Tuesday, March 3, 2015

The loyal opposition opposes itself


BACK IN the day – in the days and weeks after the November election – it all seemed so clear, so simple, so obvious where things were going. The Democrats — wounded, bloodied and chastened by a midterm election that overwhelmingly rejected them — would come back to a new Congress run by a newly energized Republican majority flush with success, bound to govern as a unified force and ready to mop up the marble floors of Congress with whatever was left of the Democrats. It was all going to be different. It was going to be better.

That was the script, anyway. What a difference a few months makes. After coming back to Washington with a purported agenda to continue blocking legislation from the Obama White House while advancing the GOP agenda — especially on immigration — it’s all different.

The Republican congressional majority may be a majority by party name, but the internal divisions that have plagued them for years – divisions largely hinging on old litmus tests of loyalty and ideological purity – show no signs of letting up.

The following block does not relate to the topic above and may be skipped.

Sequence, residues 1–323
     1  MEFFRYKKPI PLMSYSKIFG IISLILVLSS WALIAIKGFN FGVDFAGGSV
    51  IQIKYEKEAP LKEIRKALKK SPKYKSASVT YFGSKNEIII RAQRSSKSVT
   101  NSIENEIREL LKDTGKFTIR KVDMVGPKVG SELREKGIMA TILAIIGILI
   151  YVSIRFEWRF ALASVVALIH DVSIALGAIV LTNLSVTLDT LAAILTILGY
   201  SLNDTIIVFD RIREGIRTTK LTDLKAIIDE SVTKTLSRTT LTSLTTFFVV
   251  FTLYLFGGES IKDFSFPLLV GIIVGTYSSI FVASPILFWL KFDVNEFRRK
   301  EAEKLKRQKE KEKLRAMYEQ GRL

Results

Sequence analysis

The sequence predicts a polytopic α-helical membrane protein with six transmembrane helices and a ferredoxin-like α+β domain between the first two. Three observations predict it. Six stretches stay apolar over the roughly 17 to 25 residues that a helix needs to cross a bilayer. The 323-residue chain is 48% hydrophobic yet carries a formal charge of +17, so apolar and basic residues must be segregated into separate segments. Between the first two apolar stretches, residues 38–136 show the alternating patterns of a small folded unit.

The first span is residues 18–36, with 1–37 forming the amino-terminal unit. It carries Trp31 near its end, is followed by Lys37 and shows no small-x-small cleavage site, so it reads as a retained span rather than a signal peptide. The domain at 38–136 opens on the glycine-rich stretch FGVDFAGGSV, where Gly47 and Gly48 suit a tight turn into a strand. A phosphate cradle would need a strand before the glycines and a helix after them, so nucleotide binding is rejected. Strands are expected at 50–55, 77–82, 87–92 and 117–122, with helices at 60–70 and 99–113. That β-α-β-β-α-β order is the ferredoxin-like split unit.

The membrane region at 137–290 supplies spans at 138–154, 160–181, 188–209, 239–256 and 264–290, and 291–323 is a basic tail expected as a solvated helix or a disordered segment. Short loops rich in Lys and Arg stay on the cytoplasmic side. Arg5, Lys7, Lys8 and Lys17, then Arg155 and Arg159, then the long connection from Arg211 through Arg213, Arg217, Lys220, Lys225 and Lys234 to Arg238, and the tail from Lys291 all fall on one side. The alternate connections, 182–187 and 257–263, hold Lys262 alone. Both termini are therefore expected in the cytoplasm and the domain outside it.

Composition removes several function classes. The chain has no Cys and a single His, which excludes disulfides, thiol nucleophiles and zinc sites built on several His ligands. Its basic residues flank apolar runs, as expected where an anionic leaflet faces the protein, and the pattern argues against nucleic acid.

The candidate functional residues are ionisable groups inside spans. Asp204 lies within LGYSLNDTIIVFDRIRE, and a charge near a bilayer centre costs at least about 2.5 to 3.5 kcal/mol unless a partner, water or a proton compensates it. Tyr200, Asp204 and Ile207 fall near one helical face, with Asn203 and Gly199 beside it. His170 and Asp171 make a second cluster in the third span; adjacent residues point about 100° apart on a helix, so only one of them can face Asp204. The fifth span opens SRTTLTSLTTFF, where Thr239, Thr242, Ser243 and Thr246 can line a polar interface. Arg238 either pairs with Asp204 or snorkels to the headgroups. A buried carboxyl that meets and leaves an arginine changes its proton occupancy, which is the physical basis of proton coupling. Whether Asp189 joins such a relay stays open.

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The latest example of this played out on Friday. The GOP-majority House of Representatives approved a stopgap funding bill to keep the Department of Homeland Security up and running ... for a week. It’s the same bill passed by the GOP-majority Senate that had already acquiesced to Democrats’ demands to keep President Obama’s immigration policies intact. The funding for DHS remains at current levels, with no layoffs or cutbacks in that vital agency, arguably the most important and public-facing federal agency in the wake of 9/11.

The Republicans’ willingness to knuckle under on the DHS bill, bowing to Democratic demands, puts the lie to the wall of resistance the GOP was prepared to be after the November election. So does the opposition that Speaker of the House John Boehner, a long time in the crosshairs of conservatives, faced from Republicans, who rejected his bid for a three-week stopgap bill — preferring the short-leash option instead.

Since he was re-elected Speaker in January, Yahoo News reported, Boehner “has had to rely on Democratic help in passing the funding bill, after a three-week funding bill was voted down 203-224, with 52 Republicans voting against Boehner. He’s found it routinely difficult to line up a majority on any given bill, especially if the topic is a contentious issue like immigration, education or abortion. Many Republicans campaigned for re-election last fall on promises to stop Obama on immigration, and their inability to do so is infuriating to conservatives.”